Trigonal planar molecular geometry

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Idealized structure of a compound with trigonal planar coordination geometry.
Structure of boron trifluoride, an example of a molecule with trigonal planar geometry.

In chemistry, trigonal planar is a molecular geometry model with one atom at the center and three atoms at the corners of an equilateral triangle, called peripheral atoms, all in one plane.[1] In an ideal trigonal planar species, all three ligands are identical and all bond angles are 120°. Such species belong to the point group D3h. Molecules where the three ligands are not identical, such as H2CO, deviate from this idealized geometry. Examples of molecules with trigonal planar geometry include boron trifluoride (BF3), formaldehyde (H2CO), phosgene (COCl2), and sulfur trioxide (SO3). Some ions with trigonal planar geometry include nitrate (NO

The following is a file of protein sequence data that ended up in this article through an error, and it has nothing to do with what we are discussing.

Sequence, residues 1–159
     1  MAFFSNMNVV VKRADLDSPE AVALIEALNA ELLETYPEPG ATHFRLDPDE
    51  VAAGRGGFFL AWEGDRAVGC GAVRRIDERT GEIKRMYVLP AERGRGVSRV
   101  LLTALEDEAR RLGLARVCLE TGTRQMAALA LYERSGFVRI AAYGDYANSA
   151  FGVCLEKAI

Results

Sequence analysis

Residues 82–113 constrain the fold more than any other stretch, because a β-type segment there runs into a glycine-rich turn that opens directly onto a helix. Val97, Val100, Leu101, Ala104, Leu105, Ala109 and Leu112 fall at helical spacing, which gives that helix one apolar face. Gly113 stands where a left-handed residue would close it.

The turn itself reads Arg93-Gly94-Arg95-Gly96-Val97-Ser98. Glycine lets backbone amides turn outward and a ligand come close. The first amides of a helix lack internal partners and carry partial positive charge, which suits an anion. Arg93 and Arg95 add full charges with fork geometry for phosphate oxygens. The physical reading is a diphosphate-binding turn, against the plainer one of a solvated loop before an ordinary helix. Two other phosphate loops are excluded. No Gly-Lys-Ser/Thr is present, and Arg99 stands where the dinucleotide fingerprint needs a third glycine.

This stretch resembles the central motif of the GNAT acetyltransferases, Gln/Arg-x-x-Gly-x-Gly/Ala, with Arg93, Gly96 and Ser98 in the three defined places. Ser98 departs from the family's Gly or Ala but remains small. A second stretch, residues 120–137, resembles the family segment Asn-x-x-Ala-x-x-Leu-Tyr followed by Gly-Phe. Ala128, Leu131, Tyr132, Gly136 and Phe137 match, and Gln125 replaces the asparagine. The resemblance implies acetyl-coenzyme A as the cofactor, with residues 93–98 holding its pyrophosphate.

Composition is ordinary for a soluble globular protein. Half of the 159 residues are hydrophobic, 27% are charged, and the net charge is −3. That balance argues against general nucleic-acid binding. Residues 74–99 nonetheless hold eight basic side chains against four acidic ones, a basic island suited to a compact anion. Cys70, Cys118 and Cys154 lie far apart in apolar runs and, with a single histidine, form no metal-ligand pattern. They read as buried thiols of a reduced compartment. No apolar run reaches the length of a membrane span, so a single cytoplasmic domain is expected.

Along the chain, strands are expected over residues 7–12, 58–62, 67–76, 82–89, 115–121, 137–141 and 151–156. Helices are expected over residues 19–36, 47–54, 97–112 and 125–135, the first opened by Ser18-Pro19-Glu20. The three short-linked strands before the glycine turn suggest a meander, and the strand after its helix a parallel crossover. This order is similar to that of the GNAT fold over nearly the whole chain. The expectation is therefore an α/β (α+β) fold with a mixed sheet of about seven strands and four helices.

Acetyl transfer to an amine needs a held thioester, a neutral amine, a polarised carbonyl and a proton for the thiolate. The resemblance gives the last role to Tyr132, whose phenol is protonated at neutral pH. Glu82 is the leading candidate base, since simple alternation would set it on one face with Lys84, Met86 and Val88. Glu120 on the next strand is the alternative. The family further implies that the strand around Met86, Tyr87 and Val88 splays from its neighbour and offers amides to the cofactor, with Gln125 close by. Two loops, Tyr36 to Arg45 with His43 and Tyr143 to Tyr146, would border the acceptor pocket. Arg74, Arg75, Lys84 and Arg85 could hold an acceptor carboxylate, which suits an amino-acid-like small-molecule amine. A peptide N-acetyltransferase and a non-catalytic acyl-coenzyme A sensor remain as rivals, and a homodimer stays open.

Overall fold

3
), carbonate (CO2−
3
), and guanidinium (C(NH
2
)+
3
). In organic chemistry, planar, three-connected carbon centers that are trigonal planar are often described as having sp2 hybridization.[2][3]

Nitrogen inversion is the distortion of pyramidal amines through a transition state that is trigonal planar.

Pyramidalization is a distortion of this molecular shape towards a tetrahedral molecular geometry. One way to observe this distortion is in pyramidal alkenes.[1]

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References[edit]

  1. ^ a b March, Jerry. Advanced Organic Chemistry (3rd ed.). [ISBN missing]
  2. ^ Holleman, A. F.; Wiberg, E. (2001). Inorganic Chemistry. San Diego: Academic Press. ISBN 0-12-352651-5. 
  3. ^ Miessler, G. L.; Tarr, D. A. Inorganic Chemistry (3rd ed.). Pearson/Prentice Hall. ISBN 0-13-035471-6. 

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